Case Western Reserve University. (2005, September 4). Study Finds Mixed Results On Teen Sexual Behavior From Abstinence-only Intervention. ScienceDaily. Retrieved February 28, 2015 from www.sciencedaily.com/releases/2005/09/050904122700.htm
Case Western Reserve University. "Study Finds Mixed Results On Teen Sexual Behavior From Abstinence-only Intervention." ScienceDaily. www.sciencedaily.com/releases/2005/09/050904122700.htm (accessed February 28, 2015).

Share This


More From ScienceDaily



More Health & Medicine News

Saturday, February 28, 2015

Featured Research

from universities, journals, and other organizations


Featured Videos

from AP, Reuters, AFP, and other news services

Could a $34 Smartphone Device Improve HIV Diagnosis in Africa?

Could a $34 Smartphone Device Improve HIV Diagnosis in Africa?

Reuters - Innovations Video Online (Feb. 27, 2015) A dongle that plugs into a Smartphone mimics a lab-based blood test for HIV and syphilis and can detect the diseases in 15 minutes, say researchers. Tara Cleary reports. Video provided by Reuters
Powered by NewsLook.com
Doctor Says Head Transplants Possible Within Two Years

Doctor Says Head Transplants Possible Within Two Years

Buzz60 (Feb. 27, 2015) An Italian doctor is saying he could stick someone&apos;s head onto someone else&apos;s body. Patrick Jones (@Patrick_E_Jones) reports. Video provided by Buzz60
Powered by NewsLook.com
How Your Dentist Could Help Screen You For Diabetes

How Your Dentist Could Help Screen You For Diabetes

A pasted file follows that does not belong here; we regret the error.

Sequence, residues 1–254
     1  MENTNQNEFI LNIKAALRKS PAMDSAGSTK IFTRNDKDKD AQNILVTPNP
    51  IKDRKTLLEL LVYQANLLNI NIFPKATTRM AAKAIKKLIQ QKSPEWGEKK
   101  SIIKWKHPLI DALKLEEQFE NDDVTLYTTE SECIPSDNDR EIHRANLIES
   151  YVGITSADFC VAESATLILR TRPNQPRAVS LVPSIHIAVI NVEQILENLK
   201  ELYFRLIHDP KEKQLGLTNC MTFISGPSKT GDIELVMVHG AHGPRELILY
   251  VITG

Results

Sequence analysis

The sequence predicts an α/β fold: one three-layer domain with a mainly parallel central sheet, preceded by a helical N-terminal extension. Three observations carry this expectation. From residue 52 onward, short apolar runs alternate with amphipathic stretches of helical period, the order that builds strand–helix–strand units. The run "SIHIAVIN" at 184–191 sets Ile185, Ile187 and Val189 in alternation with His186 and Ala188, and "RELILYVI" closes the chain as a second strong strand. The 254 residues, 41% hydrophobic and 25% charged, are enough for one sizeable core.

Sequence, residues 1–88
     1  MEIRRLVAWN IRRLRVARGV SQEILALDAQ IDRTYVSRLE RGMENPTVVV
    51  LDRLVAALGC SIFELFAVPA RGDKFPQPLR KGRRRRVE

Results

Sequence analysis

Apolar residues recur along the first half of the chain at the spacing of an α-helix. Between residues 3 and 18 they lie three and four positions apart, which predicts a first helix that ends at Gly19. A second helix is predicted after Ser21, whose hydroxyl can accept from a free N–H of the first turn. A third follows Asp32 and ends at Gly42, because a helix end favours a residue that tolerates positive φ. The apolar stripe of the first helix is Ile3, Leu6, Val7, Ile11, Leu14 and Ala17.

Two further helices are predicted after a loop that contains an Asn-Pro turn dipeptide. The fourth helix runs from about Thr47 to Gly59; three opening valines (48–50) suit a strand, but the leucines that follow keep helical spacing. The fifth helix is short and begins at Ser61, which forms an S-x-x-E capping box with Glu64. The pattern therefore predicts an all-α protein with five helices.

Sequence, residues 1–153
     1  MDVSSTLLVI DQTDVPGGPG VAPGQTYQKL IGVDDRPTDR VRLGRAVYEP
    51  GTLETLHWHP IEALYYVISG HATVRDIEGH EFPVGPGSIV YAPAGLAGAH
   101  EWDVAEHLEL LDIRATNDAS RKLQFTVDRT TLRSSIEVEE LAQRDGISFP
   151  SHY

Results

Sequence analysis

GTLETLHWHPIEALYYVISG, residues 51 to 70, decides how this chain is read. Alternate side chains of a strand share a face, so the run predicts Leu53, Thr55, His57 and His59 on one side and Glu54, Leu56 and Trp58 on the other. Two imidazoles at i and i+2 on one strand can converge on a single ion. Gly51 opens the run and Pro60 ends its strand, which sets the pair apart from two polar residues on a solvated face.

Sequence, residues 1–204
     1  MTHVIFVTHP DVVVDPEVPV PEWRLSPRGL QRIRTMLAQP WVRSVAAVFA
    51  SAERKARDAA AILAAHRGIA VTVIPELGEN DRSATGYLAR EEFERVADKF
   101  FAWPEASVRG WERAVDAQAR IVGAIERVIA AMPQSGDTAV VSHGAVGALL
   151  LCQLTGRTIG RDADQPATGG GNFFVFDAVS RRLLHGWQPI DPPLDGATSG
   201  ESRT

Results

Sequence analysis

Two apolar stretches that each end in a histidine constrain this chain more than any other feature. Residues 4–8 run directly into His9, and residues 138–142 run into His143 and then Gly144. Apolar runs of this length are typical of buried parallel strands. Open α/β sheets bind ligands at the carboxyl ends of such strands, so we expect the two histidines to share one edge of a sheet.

Newsy (Feb. 27, 2015) A new study from researchers at New York University suggests dentists could soon use blood samples taken from patients&apos; mouths to test for diabetes. Video provided by Newsy
Powered by NewsLook.com
The Best Tips to Makeover Your Health

The Best Tips to Makeover Your Health

Buzz60 (Feb. 27, 2015) If you&apos;re looking to boost your health this season, there are a few quick and easy steps to prompt you for success. Krystin Goodwin (@Krystingoodwin) has the best tips to give your health a makeover this spring! Video provided by Buzz60
Powered by NewsLook.com

Search ScienceDaily

Number of stories in archives: 140,361

Find with keyword(s):
Enter a keyword or phrase to search ScienceDaily for related topics and research stories.

Save/Print:
Share:

Breaking News:

Strange & Offbeat Stories


Health & Medicine

Mind & Brain

Living & Well

In Other News

... from NewsDaily.com

Science News

Health News

Environment News

Technology News



Save/Print:
Share:

Free Subscriptions


Get the latest science news with ScienceDaily's free email newsletters, updated daily and weekly. Or view hourly updated newsfeeds in your RSS reader:

Get Social & Mobile


Keep up to date with the latest news from ScienceDaily via social networks and mobile apps:

Have Feedback?


Tell us what you think of ScienceDaily -- we welcome both positive and negative comments. Have any problems using the site? Questions?
Mobile: iPhone Android Web
Follow: Facebook Twitter Google+
Subscribe: RSS Feeds Email Newsletters
Latest Headlines Health & Medicine Mind & Brain Space & Time Matter & Energy Computers & Math Plants & Animals Earth & Climate Fossils & Ruins